Last year, I did a little values exercise courtesy of my friend Jami. You take a set of 200 words or so, and you give yourself a few minutes to categorize each one as important, somewhat important, not important. Then you take everything under the important pile (doesn't matter how many words you've put there), and give yourself a minute to pick five. That's right, five words. Don't overthink it. (Reminder to self: I also need to duplicate this exercise so I can give it back to her eventually, ha.)
New year's resolutions always feel like too much, and I like having five themes or buckets to consider as priorities or goals. My words in 2017 were honesty, passion, growth, humor and solitude. I did the same thing for 2018, and my words were family, mindfulness, solitude, generosity and humor.
For me, it's specifically related to quality time together, because even though I don't want to freak myself out on a regular basis, the reality is that you never know what tomorrow brings. And I want to know, most days, that I am truly connecting with the people I love. That sounds nice, right? The reality is that even though this is, duh, always my intention, daily life gets in the way. Like going through the motions of chores and work and parenting and errands. Like changing diapers and being patient through tantrums and wondering how children outgrow clothes and shoes so far (but like really though). Like paperwork and returns at the post office and a muddy dog and going to the car wash but 25 cars were in the line so coming home. Like the television blaring 24/7, like rushed leftover dinners, like skipped hugs.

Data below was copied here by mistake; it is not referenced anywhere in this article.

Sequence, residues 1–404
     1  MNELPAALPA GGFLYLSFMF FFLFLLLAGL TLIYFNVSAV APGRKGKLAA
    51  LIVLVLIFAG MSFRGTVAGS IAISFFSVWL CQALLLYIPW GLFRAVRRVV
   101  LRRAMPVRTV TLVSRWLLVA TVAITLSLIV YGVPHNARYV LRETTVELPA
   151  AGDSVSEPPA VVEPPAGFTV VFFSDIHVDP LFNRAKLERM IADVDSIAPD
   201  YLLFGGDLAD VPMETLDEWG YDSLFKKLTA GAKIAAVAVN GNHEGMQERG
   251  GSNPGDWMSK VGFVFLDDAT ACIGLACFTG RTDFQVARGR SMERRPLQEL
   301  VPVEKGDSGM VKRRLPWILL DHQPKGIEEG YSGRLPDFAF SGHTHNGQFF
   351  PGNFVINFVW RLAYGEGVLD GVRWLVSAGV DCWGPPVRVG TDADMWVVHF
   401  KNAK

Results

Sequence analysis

So I'm limiting phone use in the mornings when I wake up for at least an hour, and in the evenings between 5-7 because that's when we are all home together from daycare and work. And I downloaded the Moment app to keep habitual phone use in check. We aren't ridiculous about it - I mean, some days you just need to zone out with Instagram before bed or clear out email at 6 a.m. - but MOST of the time, I'm on my phone as a distraction. And that's dumb, and I want to do less of it.
Also! Monthly date nights where we trade off planning. I'm super stoked about this on the relationship front. (#parenthood)
Lest you think I'm about to deep dive into how I started meditating, I'll go ahead and redirect: all I'm aiming for in 2018 is to be mindful about letting my brain chill out on a regular basis. Maybe that looks like a meditation app and a face mask in the morning. Maybe it's being on my phone less. Maybe it's being intentional with stress, anxiety and worry - to notice when it's real and when it's a silly self-told lie. Maybe it's slowing down and kissing my husband. Maybe it's not multi-tasking when my parents call. Maybe it's playing with Ezra and not letting my mind drift, but instead noticing his dedication to stacking dinos and playful little smirk. Maybe it's going to yoga or taking a bath, to give myself one hour to reset. Maybe that's sitting on my couch with a blanket eating grapes and staring out the window, doing absolutely nothing on a weekend with no plans.
I've been reading Shauna Niequist's Savor as a daily observance, and she advocates for savoring your life. Everything, all the little and big moments, good or bad, annoying or boring or delightful or sad or unusual. I also read somewhere recently that weekends aren't supposed to be extra weekdays, and I was like, whooooooa I have been doing this all wrong! I 100% use my weekends in that way, usually, to check off a bunch of to-do items and feel productive and pack in activities. And lately, I'm trying to flip it around: I work in all kinds of ways during the week, but on the weekends, I actually give myself pockets of time to REST. And to savor.